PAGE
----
Nocturna: Side A / Nocturna: Side B
90 year-old Ulises (Pepe Soriano) gets lost in his own apartment building attempting to go out grocery shopping with his wife’s list. Building super Daniel (Lautaro Delgado) offers to do it for him, but Ulises refuses and when he returns to his home we understand why. Dalia (Marilú Marini) is adamant that no one enter their apartment, convinced that the homeowners’ association wants to boot them out, considering the seniors ‘dangerous.’ But Ulises is also tired of being cooped up and wonders why they never hear from their daughter or son, Carlos (Nicolás Scarpino). As the evening progresses, the confused old man will face up to ghosts from his past in “Nocturna.”
Laura's Review: B
Argentinean writer/director Gonzalo Calzada’s “Nocturna” is actually two separate films. The main one, Side A, is titled “The Great Old Man’s Night,” while the more experimental Side B is “Where the Elephants Go to Die.” Side A, which runs 104 minutes, can exist on its own whereas Side B, which runs 67, enriches the experience of having watched the first but would be fairly confusing, albeit in a nightmarish, visually compelling way, as a standalone.
Side A presents its narrative through Ulises’s point of view, his dementia forcing us into a dreamlike, unreliable narrative where we must hunt for clues to put his story together. In what will turn out to be the old man’s last day on earth, we see him panic at the sight of a man trying to break into an apartment, Daniel having warned him of burglars in the building, and being bossed around by his wife, whose paranoia has cast her as his jailor. Then there’s the upstairs neighbor, Elena (Desirée Salgueiro), who begins banging on their door in the middle of the night, demanding help.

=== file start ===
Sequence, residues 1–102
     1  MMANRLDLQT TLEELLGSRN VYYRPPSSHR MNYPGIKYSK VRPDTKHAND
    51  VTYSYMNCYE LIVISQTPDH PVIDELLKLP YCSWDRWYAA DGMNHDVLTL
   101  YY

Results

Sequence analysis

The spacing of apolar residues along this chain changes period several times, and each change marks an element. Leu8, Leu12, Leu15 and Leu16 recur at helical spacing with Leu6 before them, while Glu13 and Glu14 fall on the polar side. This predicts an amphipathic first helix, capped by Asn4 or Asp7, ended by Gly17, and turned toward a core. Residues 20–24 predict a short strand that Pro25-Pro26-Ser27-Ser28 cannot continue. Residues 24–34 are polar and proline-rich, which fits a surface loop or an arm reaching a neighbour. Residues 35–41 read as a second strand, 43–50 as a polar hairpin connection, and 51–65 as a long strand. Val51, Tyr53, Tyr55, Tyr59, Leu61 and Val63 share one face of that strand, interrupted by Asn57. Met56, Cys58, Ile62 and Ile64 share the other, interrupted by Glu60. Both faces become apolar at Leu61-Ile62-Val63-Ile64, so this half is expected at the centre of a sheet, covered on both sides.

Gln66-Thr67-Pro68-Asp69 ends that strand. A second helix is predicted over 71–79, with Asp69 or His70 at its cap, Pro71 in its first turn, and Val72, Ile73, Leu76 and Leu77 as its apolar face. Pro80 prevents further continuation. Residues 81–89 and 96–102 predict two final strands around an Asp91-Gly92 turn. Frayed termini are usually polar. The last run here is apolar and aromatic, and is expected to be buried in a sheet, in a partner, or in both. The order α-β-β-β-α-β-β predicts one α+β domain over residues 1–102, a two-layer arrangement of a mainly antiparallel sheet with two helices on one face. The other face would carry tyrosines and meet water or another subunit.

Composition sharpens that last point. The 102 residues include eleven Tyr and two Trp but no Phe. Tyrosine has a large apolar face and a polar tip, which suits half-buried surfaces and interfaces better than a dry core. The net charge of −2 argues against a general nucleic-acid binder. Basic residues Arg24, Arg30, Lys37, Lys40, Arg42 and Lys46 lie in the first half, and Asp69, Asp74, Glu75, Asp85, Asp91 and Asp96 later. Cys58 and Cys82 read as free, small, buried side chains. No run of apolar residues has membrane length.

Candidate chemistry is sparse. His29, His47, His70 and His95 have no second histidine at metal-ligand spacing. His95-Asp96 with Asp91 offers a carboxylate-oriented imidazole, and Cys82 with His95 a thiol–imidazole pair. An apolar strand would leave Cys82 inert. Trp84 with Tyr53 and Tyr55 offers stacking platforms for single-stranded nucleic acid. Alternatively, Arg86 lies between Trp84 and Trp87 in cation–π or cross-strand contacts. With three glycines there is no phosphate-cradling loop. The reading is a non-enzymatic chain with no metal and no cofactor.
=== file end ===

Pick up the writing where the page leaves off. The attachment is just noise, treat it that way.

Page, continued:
Flashbacks present both Ulises and Dalia as children (Jenaro Nouet and Mora Della Veccia) and we learn the apartment building was once a grand home owned by Dalia’s father. Calzada has uncannily made his film itself appear haunted, the whole cloaked in a greenish tinge of decay, Ulises’s paternal guilt weighing heavily upon him. The sound of a ticking clock is a constant, time, occasionally noted with a digital display, often in a loop. Ulises’s hearing aid feedback adds to the overwhelming sense of dread. The production is a marvel, the old apartment reflecting bygone glories, the lead in its beautiful, oversized windows appearing like prison bars. Cinematographer Claudio Beiza makes the space feel alternatively expansive or claustrophobic. The entire film is Lynchian, especially one unnerving sequence where Elena repeatedly takes off the same silk kimono, only to find another beneath it, a marvel of editing.
David Lynch’s influence is felt even more strongly in Side B, which has the look of his early shorts while boasting the jittering heads of “Lost Highway” and the dreams and dual characterizations of “Mulholland Drive.” You won’t get outright answers to Side A, but you should get a deeper understanding. I actually found Side A beginning to feel repetitive, but despite its non-narrative structure, the eroding celluloid snippets of Side B deepens one’s appreciation for what came before, giving us insights into Elena, Dalia and that ‘burglar’ while visualizing the effects of time and aging.
“Nocturna” may frustrate those who like their films with a straightforward, linear story, but Calzada’s ghosts and Soriano’s performance are genuinely haunting.
Breaking Glass Pictures releases both films on digital on January 18, with a DVD release of The Nocturna Collection arriving on February 1, 2022.